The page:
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Gun Background Checks, School Safety Bills Pass Senate Committee

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WASHINGTON -- Two more pieces of President Barack Obama's gun violence package -- a universal background checks bill and a school safety measure -- passed the Senate Judiciary Committee on Tuesday. And there were some surprising votes in both cases.

The Protecting Responsible Gun Sellers Act of 2013 passed 10 to 8, without any Republican support. The bill, which would expand the national background check system to include all gun buyers, is thought to have the best chance of becoming law out any of Obama's gun proposals. The fact that it didn't pick up any GOP support stands in stark contrast to the tremendous public support on the issue, but is likely due to the fact that the bill's final language is still being hammered out by its sponsor, Sen. Chuck Schumer (D-N.Y.).

"We're not 100 percent yet," Schumer said of bipartisan talks on different language for the bill. He's been working with Sens. Joe Manchin (D-W. Va.), Mark Kirk (R-Ill.) and Tom Coburn (R-Okla.) for weeks to try to get a proposal that they can all support. "I remain optimistic that we'll be able to roll [a bill] out."

Ahead of the vote, Sen. Chuck Grassley (R-Iowa) said he planned to vote against the bill because there would be "no way to enforce it without implementing a gun registry." He said that while the bill may explicitly state that no registry will be created, that could simply be changed by another federal law requiring licensed gun dealers to keep a record of each of their gun sales.

In the meantime, "mass shootings would continue, and criminals will continue to circumvent the requirement," Grassley said. "The effectiveness of this bill is, therefore, highly questionable."

Schumer fired back that Grassley's charge that the bill will lead to a gun registry "demeans" the debate since it is false, and said Grassley is wrong to oppose tighter background checks simply because it wouldn't end all gun violence.

"You don't use that on any other law, whether's it's robbery or murder ... you never see that argument that we wouldn't have laws because the bad people will get around them anyway," Schumer said. "It makes no sense in my judgment. We will move to compromise, and I'm optimistic it will involve people who have different views than I do generally on guns."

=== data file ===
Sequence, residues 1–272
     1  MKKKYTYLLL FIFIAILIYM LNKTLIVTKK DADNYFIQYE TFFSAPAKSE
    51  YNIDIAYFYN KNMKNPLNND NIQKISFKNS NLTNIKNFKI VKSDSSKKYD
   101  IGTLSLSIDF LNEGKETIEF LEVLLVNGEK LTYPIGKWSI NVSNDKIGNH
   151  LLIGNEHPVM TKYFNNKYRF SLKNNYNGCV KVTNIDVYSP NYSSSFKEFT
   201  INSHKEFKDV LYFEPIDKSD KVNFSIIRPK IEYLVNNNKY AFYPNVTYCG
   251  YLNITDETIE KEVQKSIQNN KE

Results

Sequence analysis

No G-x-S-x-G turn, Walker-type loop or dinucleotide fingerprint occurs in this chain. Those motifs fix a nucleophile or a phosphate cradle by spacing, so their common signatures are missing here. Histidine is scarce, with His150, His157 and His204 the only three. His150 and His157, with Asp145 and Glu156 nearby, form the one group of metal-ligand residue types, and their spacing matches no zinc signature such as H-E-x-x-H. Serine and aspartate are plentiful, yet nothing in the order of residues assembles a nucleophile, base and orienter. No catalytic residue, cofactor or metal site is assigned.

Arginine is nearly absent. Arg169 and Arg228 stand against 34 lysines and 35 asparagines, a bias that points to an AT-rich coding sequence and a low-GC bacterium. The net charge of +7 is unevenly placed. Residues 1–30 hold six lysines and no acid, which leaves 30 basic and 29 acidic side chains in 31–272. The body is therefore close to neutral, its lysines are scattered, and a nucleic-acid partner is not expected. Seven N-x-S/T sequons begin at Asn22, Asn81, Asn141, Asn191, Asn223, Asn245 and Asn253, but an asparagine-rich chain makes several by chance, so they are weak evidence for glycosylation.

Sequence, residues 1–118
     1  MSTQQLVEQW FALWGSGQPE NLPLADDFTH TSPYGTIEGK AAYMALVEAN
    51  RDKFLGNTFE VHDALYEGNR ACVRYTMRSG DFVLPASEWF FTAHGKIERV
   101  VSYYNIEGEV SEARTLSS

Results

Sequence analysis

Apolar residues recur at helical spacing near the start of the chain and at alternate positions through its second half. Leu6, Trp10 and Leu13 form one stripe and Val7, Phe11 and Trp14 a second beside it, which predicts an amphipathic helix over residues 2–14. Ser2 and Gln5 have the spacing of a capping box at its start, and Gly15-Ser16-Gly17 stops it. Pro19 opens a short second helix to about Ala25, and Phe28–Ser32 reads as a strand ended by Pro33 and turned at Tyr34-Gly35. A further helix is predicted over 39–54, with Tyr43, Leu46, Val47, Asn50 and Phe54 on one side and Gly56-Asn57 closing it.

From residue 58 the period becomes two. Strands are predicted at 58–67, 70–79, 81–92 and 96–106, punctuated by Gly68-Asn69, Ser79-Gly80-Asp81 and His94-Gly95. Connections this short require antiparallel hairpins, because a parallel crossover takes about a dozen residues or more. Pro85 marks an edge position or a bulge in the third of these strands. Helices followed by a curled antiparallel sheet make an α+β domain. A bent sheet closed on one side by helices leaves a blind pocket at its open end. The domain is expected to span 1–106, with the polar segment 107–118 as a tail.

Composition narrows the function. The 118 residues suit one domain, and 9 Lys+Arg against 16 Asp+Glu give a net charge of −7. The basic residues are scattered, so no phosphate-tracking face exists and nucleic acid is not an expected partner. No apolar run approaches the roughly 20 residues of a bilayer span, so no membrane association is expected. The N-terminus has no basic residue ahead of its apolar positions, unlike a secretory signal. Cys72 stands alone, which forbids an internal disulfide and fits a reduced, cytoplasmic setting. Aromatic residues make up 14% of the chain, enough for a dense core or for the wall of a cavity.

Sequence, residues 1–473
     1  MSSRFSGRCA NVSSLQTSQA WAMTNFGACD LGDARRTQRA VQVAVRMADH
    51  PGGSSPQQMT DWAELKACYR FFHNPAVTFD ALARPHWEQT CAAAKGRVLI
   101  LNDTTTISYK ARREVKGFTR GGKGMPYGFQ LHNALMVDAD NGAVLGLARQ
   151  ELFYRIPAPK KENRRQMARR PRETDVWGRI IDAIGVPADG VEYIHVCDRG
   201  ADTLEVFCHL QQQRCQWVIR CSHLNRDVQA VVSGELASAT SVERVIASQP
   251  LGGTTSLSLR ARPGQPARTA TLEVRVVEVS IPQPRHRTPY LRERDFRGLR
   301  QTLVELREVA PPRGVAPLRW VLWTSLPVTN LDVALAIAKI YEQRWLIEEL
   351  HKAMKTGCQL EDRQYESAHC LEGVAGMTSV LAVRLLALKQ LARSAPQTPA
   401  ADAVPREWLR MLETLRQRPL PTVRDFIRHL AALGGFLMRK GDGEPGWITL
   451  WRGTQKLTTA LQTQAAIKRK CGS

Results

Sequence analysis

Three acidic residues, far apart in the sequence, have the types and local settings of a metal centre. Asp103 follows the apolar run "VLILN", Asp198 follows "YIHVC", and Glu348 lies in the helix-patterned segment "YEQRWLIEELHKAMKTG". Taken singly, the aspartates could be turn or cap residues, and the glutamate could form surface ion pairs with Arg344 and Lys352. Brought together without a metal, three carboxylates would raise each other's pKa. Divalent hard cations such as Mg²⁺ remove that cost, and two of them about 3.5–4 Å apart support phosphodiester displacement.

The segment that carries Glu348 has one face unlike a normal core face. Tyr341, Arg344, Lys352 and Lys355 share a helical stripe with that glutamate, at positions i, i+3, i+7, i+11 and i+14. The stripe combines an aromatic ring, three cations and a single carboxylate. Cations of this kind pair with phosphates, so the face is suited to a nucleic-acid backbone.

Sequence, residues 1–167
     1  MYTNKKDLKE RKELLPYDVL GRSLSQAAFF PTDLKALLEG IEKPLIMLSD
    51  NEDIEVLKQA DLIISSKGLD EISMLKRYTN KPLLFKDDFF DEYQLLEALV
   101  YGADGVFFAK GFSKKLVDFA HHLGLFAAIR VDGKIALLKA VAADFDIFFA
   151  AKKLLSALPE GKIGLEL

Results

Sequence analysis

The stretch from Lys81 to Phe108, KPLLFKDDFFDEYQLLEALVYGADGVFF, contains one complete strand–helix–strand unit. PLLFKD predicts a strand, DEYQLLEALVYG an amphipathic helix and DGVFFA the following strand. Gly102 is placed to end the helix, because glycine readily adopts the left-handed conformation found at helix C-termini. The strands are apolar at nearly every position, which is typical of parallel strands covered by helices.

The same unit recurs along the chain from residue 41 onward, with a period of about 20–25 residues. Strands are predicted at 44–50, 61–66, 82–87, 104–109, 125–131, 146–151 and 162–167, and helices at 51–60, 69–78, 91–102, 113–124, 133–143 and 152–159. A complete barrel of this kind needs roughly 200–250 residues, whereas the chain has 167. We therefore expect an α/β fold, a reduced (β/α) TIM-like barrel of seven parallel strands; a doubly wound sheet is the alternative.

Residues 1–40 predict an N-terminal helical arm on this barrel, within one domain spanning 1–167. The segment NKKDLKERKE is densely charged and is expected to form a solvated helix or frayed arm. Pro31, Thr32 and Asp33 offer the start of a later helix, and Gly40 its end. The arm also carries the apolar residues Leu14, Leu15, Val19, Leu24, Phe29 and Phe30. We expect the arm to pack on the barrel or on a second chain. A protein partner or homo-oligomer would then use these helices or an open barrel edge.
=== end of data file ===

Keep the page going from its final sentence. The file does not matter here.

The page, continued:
The committee also passed the School Safety Enhancements Act of 2013 on a vote of 14 to 4, with four Republicans voting for it. The bill would expand a Justice Department grants program to help local officials better secure their campuses with new resources like tip lines, surveillance equipment and secured entrances.

This bill drew a curious split among Republicans. While moderates like Sen. Jeff Flake (Ariz.) voted against it, Sen. Ted Cruz (Texas), one of the most conservative in the Senate, unexpectedly voted for it. Other GOPers who voted for the measure included Sens. Orrin Hatch (Utah), Chuck Grassley (Iowa) and Lindsey Graham (S.C.).

A request for comment from Cruz's office was not immediately returned.

The committee has now taken action on nearly all four of the core pieces of Obama's gun package. In addition to the two bills today, the committee passed a gun trafficking bill last week and is expected to take up its final bill, the assault weapons ban, on Thursday. That measure faces the toughest climb ahead of all the gun bills, but is expected to pass the committee in a party-line vote.

UPDATE: 5:45 p.m. -- Cruz spokeswoman Catherine Frazier said later that the senator voted for the bill because it "makes sense" to spend federal dollars on making sure kids are safe at school.

"To the extent our government spends billions on entitlement programs, clean energy projects, foreign aid and so forth, one place it actually makes sense to focus federal tax dollars is school safety," Frazier said in a statement.

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